Tuesday, September 22, 2015

Southwest Airlines Sees 24.5% Y/Y Drop in Q3 Fuel Costs

The Dallas, TX-based low-cost carrier Southwest Airlines announced that it expects its average fuel cost in the third quarter of 2015 to fall 24.5% on a year-over-year basis to $2.22 per gallon.
Economic fuel costs are anticipated to decline approximately $1.3 billion in 2015 compared with 2014 levels, thereby resulting in significant savings for Southwest Airlines. The projection is not surprising as weak fuel costs have benefited airline stocks including Southwest Airlines for quite some time.

The company further expects 2015 unit costs (excluding fuel and oil expenses) to drop 2% year over year. Capacity (measured in available seat miles or ASMs) in 2015 is still projected to expand by 7% from 2014 levels.
We remind investors that Southwest Airlines’ statement on capacity expansion had triggered a massive sell-off in the airline space in May this year. At that time, the carrier said that it plans to raise its capacity in the band of 7%–8% in 2015 as opposed to the earlier projection of a 7% increase.
Southwest Airlines’ projection wreaked havoc among investors who feared that the increased capacity would lead to an oversupplied market despite weak fuel costs. Investors were naturally concerned that oversupply could result in lower fares and hamper profit. Following the investor panic, the low-cost carrier reverted to a 7% capacity growth plan.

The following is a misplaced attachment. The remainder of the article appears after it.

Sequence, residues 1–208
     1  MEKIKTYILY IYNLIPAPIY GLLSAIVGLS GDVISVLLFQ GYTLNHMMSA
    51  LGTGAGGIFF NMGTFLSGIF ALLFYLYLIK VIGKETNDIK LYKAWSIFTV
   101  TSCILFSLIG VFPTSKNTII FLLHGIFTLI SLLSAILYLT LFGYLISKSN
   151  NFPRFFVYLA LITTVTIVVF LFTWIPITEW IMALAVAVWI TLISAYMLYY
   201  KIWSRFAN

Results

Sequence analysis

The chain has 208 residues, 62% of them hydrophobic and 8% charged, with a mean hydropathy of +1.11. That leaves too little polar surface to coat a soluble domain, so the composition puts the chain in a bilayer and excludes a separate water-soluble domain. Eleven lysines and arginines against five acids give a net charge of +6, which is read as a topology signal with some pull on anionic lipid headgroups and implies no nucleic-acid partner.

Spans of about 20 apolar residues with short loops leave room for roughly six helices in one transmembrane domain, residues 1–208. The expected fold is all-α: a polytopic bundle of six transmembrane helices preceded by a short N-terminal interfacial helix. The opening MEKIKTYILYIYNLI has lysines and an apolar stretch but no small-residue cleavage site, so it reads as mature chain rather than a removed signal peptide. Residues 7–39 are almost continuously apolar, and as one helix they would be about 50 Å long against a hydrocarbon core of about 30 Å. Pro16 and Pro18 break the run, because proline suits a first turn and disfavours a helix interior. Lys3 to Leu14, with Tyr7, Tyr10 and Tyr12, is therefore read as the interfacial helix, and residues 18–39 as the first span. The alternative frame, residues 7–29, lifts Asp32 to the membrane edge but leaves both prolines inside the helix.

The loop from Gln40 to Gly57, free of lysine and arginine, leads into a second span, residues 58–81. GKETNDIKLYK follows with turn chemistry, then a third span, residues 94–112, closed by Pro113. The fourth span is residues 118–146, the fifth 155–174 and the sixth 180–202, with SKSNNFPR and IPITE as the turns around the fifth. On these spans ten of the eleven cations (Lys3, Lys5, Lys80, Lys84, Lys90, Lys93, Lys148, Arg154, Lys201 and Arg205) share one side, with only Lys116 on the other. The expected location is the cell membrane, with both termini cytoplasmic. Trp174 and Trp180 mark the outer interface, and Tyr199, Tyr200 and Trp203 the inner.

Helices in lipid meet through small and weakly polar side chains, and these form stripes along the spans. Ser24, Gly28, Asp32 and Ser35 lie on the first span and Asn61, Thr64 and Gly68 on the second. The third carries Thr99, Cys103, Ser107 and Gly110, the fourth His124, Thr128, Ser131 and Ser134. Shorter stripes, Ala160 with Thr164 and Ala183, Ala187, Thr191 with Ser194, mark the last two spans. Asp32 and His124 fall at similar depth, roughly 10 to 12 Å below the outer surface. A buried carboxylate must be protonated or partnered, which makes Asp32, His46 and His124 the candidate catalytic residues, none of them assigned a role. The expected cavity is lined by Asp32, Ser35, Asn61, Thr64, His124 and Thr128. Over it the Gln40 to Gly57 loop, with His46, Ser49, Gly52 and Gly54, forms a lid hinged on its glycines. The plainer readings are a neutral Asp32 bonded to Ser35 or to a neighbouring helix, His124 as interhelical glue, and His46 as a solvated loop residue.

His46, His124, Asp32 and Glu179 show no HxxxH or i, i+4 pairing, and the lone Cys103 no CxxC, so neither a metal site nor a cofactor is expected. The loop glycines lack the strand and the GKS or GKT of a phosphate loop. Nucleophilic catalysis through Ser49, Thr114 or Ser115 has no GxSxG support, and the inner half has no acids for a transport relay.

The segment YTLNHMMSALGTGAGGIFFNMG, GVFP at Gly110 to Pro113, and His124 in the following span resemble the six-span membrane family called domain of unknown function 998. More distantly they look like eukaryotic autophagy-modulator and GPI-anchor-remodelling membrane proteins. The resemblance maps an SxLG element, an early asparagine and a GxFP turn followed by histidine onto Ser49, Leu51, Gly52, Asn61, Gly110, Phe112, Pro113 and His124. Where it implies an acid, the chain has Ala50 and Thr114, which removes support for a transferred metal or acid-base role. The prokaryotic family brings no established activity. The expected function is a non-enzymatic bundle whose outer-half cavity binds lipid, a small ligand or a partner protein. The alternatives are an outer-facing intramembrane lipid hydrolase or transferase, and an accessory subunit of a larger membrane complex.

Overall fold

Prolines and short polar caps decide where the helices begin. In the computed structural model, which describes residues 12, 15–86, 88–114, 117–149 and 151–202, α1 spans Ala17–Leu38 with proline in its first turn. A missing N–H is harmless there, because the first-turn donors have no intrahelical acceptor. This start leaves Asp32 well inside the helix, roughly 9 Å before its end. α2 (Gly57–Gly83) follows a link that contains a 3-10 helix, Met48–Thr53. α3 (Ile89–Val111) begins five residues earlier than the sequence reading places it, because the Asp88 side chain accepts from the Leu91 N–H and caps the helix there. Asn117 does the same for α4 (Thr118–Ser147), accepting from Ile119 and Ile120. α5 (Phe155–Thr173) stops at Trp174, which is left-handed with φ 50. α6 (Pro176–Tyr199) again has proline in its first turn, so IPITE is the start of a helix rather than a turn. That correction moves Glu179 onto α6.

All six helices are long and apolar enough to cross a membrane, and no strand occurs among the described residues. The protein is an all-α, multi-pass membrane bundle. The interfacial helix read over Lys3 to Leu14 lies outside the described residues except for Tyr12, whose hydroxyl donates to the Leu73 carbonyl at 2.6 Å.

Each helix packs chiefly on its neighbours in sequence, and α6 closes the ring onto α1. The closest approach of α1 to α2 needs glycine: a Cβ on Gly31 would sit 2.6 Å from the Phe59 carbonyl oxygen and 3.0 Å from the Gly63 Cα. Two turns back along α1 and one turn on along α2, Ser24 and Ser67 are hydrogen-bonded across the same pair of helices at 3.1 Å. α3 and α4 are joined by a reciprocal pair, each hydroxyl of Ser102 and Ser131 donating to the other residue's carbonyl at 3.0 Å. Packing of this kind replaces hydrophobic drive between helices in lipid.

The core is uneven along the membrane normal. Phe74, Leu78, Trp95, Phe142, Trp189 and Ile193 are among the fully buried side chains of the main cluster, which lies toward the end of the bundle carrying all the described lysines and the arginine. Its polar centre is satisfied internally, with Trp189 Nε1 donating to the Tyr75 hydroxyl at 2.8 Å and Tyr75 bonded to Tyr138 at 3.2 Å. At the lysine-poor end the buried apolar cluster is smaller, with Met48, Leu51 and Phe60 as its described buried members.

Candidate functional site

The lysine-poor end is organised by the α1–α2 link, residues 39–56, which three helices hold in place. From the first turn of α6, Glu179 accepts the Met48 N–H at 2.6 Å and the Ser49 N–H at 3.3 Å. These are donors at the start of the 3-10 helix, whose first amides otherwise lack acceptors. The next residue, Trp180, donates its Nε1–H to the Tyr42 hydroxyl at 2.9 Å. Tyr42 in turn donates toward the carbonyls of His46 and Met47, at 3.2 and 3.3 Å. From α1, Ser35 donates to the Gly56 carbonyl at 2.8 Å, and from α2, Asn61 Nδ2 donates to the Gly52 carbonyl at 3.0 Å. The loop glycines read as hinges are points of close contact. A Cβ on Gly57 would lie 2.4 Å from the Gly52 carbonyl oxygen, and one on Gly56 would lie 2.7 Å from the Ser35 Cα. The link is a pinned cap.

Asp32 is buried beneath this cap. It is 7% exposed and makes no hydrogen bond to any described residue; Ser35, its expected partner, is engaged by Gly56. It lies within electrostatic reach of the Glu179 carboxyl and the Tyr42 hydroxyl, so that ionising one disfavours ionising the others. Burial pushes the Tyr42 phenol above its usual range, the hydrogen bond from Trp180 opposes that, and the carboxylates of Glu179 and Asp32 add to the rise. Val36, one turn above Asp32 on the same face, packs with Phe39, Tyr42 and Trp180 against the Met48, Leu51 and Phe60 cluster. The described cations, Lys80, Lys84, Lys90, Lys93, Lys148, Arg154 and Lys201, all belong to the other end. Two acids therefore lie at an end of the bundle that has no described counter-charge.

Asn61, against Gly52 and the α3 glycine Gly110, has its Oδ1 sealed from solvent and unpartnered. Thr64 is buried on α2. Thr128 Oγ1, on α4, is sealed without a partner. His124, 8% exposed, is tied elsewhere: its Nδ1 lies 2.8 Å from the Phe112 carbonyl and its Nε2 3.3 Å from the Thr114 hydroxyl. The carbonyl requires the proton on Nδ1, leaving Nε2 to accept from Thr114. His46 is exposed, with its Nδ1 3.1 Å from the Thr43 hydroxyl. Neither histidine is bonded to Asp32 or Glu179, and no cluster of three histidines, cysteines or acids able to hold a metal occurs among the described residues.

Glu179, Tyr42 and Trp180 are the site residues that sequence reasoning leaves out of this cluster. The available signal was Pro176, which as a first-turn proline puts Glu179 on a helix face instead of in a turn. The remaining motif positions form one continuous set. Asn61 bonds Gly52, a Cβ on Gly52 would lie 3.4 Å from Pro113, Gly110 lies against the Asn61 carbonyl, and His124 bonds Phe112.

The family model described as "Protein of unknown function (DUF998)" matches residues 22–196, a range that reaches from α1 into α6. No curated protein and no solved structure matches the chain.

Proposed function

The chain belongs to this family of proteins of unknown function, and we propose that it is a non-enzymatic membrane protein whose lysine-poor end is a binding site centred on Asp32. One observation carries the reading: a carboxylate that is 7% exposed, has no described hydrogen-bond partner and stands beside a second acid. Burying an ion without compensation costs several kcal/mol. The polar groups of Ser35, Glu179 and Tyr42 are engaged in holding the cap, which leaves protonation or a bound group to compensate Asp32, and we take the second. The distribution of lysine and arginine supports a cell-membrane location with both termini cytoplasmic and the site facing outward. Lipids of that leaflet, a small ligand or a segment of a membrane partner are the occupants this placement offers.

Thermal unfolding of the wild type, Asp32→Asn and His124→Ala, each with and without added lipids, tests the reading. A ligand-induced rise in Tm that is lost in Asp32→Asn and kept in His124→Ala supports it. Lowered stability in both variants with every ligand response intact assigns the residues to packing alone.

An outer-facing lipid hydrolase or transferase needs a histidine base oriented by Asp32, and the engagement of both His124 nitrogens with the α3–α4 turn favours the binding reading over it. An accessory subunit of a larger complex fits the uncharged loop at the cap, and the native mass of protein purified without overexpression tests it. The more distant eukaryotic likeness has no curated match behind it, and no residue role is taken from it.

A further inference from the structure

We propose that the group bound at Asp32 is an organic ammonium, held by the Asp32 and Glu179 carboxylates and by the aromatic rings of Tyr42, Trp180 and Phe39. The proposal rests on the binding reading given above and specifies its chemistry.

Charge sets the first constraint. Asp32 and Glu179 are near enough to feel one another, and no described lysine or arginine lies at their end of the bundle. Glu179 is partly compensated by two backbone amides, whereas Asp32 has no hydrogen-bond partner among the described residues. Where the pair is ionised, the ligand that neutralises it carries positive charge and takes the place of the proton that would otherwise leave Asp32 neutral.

The carrier still expects operating revenue per ASM to decline approximately 1% in the third quarter of 2015 compared with the year-ago period.
Apart from the projections, Southwest Airlines announced that it has shelled out $1.3 billion to its stockholders so far this year through share repurchases and dividend payments.
In May, the carrier hiked its quarterly dividend by 25% to 7.5 cents per share apart from approving a new stock repurchase program worth $1.5 billion.
We note that the solid financial health of carriers, thanks to low oil prices, has resulted in a surge in buyback activities apart from dividend hikes. Companies like Delta Air Lines  and American Airlines too have authorized new share buyback programs this year.
(Zacks - Zacks Equity Research)

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